In May, we lost a very good friend to the local bluegrass concert scene in Buffalo. Tony de Boer, called the grandfather of Canadian bluegrass, would book national touring bands for neighboring Ontario and coordinate with Ted Lambert, Rich Schaefer, Keith Zehr, Randy Keller and Doug Yeomans so we could have them perform the night before in Buffalo. Tony helped us stage bands like the Johnson Mountain Boys, Doyle Lawson and Bill Monroe, concerts and cooperation spanning over 50 concerts and several decades.

In July, the powerhouse, multi instrumentalist Charlie Daniels left us. A talent too big for one genre of music.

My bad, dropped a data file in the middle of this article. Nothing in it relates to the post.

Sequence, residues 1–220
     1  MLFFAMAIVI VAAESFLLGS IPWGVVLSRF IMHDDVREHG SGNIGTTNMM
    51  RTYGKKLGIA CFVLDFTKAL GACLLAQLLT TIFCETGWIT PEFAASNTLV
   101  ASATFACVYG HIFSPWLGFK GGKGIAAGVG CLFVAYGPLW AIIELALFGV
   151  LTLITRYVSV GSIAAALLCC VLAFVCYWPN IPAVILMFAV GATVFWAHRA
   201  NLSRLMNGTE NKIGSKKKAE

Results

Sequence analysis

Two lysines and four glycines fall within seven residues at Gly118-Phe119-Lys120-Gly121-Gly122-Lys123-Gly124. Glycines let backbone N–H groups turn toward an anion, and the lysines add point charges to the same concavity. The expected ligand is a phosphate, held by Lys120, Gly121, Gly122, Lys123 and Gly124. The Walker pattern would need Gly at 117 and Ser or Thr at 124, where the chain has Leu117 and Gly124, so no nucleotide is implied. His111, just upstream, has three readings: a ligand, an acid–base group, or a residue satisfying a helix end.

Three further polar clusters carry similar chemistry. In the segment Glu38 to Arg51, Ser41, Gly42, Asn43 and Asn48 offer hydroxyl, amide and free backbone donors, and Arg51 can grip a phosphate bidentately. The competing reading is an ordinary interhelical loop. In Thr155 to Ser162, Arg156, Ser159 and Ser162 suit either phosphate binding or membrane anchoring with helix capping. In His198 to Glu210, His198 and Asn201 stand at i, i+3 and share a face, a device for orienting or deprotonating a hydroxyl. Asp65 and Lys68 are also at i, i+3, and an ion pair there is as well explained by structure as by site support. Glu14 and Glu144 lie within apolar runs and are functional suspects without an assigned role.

Also in July, we lost the banjo virtuoso, Kenny Ingram. He played banjo with Lester Flatt, Jimmy Martin, Larry Stephenson and Rhonda Vincent. He was featured on countless other projects as a guest musician.

In August we lost Steve Gulley. The extraordinary singer, guitarist and songwriter. Steve played with Doyle Lawson and Quicksilver, Mountain Heart, Grasstowne, Dale Ann Bradley and, more recently, his own band, New Pinnacle.

We lost William McEuen in September. He was the brother of Nitty Gritty Dirt Band original member John McEuen. Bill managed, wrote songs for and served as producer and recording engineer for the band, including their ground breaking album set, “Will the Circle be Unbroken.”